Today we're taking a quick look at Toshiba's THNSNJ512GCSU, a 512GB SATA 6Gbps SSD from the company's HG6 lineup. The HG6 series is marketed towards a broad range of applications, from ultrabooks to data centers, and is available in 2.5-inch, mSATA, and M.2 form factor.s The lineup uses Toshiba A19nm Toggle 2.0 MLC NAND flash memory, which is rated for maximum read speeds of 534MB/s, maximum write speeds of 482MB/s and an MTBF of 1.5 million hours.
The version I'm testing is the THNSNJ512GCSU, a 2.5" model with a thickness of 7mm. Unlike most of the solid state disks that are aimed at gamers and PC enthusiasts, this model from Toshiba looks very minimalistic. It's very thin and light-weight and has a metal enclosure. These disks are primarily intended for the OEM market but you can also find them in the retail channel. My test model arrived in a plain cardboard so I can't comment on the retail bundle.
You can see some of the pink thermal pads peeking out through the holes at the back of the SSD. Inside the disk is Toshiba's own 19nm MLC NAND flash memory and their own SATA 6Gbps controller. These disks have a three-year warranty and promise an MTBF of 1.5 million hours. After formatting the 512GB model has a usable capacity of 476GB.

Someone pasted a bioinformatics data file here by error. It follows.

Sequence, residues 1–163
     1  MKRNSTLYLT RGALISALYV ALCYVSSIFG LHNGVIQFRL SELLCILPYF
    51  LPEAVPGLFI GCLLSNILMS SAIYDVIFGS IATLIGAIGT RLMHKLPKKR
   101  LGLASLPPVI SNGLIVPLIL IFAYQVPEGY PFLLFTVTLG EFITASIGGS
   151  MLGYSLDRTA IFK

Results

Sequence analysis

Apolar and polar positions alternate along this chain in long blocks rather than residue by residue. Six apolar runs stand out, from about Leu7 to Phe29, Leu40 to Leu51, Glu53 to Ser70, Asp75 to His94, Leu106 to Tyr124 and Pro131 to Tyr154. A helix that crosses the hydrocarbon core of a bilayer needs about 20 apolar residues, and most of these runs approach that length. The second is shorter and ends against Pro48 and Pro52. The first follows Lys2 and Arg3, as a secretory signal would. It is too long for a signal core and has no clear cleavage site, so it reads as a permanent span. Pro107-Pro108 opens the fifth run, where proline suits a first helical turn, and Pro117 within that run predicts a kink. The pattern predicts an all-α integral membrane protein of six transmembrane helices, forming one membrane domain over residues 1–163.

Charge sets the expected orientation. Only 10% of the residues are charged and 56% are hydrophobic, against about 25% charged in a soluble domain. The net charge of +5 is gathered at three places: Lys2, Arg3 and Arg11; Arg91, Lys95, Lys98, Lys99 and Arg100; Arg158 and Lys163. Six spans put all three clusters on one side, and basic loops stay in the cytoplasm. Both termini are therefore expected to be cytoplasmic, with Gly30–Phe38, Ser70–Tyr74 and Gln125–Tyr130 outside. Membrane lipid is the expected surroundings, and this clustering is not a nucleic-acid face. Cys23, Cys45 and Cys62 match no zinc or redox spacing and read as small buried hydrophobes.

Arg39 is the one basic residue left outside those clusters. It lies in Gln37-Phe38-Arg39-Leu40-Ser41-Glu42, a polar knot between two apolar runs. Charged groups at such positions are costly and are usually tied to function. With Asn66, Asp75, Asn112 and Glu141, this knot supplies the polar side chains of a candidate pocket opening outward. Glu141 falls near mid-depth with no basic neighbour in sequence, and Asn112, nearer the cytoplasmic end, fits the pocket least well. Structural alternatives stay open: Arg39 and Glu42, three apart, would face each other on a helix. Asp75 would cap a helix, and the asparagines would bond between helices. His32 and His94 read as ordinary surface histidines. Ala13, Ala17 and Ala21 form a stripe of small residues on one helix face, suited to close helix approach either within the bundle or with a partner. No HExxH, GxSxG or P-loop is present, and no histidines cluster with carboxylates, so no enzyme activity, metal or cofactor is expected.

AS SSD Benchmark
Our first test is AS SSD Benchmark, this benchmark can be used to check the maximum sequential read and write speeds and 4k read/write performance with incompressible data.
Next is CrystalDiskMark, we configure this test to write random data to check performance with incompressible data. We provide the 4k read and write figures so you can evaluate how well the disk handles smaller file sizes.
Anvil Storage Utilities
We configure this benchmark to write incompressible data in 4K block sizes to determine the IOPS of the disk.
And for the final test, we check out the PCMark 8 storage score.
Overall the performance of the Toshiba HG6 isn't too bad, it outshines the older generation SSDs but doesn't quite match the performance of newer disks like Samsung's 850 series. This is especially true in synthetic tests although in real world oriented tests the disk holds up itself very well. The chances of finding one of these disks in the wild is pretty rare though, Toshiba mainly ships its disks to OEMs and system integrators. As such, the disk is hard to find in most markets and due to the limited availability, the price/performance is usually not that good compared to its competitors. This makes it hard to rate this disk as it's not really a direct-to-consumer product.
The Good Stuff
- Overall performance is good
- Low power consumption
- Fits in ultrabooks
The Bad Stuff
- Doesn't stand out from the crowd
- Cost per gigabyte
- Limited availability
I give the Toshiba HG6 SSD series a 8/10.